Updated: Jul 22, 2022
One of my favorite football movies is The Replacements. In it, a collection of non-professional athletes are brought in as substitutes for professional players who are on strike. The thing that unifies them, despite their diverse backstories, is the fear of returning to where they came from, lives that are clearly not ideal hence stepping in as scabs. During one game, things start to go in the wrong direction for the team and they being to discuss “quicksand”. Keanu Reeves’s character, the quarterback, defines quicksand, stating “you try to fight back, but the harder you fight, the deeper you sink, until you can’t move, can’t breathe… because you’re in over your head.” The players agree that this is their biggest fear, the inability to escape a process leading to oblivion. Fear, for them, is a self-perpetuating compulsion leading to oblivion.
Do you have The Fear?
A few months ago, I noticed that I was compulsively hesitating. Historically, I’ve taken action. I prided myself being able to make things happen when the odds were against me. While taking action often led to defeat, it never felt like failure because I’d tried to do what was right. There were some great successes along the way.
Then, I stopped taking action even when something felt right. I noticed that I’d convinced myself an idea had no merit, that too many people were already doing something for me to enter the space, or that it was destined to fail. So, instead of taking action and finding new opportunities, I’d do nothing. This led me to feel like I couldn’t achieve anything because I hadn’t (the scope of memory for successes seems very short) and thus I would be even more nervous about the next opportunity. Quicksand.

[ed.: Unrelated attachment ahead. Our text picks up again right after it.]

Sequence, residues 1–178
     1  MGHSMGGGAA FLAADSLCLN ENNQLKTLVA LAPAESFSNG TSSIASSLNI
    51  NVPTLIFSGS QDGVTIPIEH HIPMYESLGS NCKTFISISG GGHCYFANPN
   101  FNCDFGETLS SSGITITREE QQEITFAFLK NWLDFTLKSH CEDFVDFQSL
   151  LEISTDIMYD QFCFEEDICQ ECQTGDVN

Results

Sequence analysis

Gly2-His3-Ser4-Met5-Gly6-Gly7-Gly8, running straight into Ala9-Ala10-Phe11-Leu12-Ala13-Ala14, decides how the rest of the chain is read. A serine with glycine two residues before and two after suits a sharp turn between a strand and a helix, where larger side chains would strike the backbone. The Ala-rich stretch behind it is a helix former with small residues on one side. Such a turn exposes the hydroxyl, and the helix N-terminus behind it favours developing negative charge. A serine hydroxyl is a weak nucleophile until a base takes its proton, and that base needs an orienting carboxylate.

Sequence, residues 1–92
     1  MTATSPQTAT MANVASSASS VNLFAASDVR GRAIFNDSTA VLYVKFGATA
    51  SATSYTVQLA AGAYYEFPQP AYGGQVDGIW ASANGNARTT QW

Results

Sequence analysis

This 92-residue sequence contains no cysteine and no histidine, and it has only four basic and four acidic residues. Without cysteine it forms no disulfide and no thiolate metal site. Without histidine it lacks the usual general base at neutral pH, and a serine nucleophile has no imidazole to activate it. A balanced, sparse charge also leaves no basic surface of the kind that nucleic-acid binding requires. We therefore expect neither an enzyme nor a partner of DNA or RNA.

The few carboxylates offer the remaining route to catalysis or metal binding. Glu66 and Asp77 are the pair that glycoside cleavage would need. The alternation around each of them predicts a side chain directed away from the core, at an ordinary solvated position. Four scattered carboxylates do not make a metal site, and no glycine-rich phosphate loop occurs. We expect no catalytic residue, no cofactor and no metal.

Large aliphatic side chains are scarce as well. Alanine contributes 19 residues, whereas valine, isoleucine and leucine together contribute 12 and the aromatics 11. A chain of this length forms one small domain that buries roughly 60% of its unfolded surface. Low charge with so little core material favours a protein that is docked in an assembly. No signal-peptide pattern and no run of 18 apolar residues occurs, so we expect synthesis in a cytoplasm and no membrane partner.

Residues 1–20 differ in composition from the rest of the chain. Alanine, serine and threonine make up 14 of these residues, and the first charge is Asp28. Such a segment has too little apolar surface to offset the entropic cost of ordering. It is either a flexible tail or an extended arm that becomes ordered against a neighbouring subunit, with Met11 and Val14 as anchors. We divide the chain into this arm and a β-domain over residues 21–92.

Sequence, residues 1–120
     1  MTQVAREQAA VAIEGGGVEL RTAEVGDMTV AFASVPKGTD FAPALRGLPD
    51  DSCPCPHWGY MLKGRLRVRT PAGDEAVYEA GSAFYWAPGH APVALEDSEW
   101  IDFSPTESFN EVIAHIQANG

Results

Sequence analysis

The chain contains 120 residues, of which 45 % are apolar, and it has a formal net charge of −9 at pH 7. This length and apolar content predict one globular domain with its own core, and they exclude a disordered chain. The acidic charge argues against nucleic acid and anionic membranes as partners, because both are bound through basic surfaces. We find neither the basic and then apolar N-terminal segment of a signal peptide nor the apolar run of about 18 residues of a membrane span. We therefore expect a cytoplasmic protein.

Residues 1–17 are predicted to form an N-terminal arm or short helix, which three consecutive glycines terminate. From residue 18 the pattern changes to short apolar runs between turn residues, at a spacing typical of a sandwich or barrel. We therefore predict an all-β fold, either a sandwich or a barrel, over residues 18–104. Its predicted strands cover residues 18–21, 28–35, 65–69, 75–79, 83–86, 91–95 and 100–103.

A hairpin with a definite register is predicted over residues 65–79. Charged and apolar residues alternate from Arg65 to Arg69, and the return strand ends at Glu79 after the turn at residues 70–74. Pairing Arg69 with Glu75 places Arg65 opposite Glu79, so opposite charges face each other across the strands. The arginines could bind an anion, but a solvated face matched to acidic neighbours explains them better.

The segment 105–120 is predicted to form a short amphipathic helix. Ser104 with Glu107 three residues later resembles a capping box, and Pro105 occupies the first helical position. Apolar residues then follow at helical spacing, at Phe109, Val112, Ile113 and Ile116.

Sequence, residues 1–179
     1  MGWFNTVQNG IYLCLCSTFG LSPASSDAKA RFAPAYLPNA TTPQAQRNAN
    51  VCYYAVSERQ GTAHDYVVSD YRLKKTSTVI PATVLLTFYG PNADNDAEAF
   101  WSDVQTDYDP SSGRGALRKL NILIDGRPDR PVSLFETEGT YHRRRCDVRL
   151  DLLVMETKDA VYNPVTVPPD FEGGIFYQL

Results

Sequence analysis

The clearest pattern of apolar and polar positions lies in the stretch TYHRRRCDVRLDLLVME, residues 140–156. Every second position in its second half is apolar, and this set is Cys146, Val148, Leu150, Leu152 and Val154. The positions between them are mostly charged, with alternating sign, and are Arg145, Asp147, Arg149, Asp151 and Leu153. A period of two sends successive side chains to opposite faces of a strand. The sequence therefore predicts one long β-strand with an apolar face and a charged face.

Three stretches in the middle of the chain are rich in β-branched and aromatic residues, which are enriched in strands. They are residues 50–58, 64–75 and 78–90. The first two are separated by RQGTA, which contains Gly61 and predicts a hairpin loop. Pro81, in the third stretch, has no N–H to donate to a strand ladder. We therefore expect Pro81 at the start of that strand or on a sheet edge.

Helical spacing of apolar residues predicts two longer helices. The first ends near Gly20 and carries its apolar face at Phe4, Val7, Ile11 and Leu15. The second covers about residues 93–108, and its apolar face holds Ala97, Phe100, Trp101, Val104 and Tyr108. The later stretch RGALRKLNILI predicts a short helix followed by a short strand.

Those practicing FIRE may be hindered by The Fear. Achieving FIRE is one great success and achievements on the other side may not feel like much. As the timeline extends, the opportunities to achieve these successes may become less common, the absence of success leading that the fear that success is no longer possible. Then, a practitioner may not want to attempt any type of action lest The Fear become any stronger.
The key is to move forward. Action, even if it leads to different ends than initially intended, leads to opportunity. Opportunity with sustained action leads to successes. It’s the only way to get past The Fear.
So, this is intended to be encourage engagement with new opportunities in your chosen area. This could be a new hobby, employment opportunity, project, or friendship. The Fear is what keeps you from moving forward, tells you that something is not worth the effort or won’t be successful or won’t actually turn out the way you want it to. Ignoring it and moving forward anyway is what breaks the cycle. That, in itself, is a success.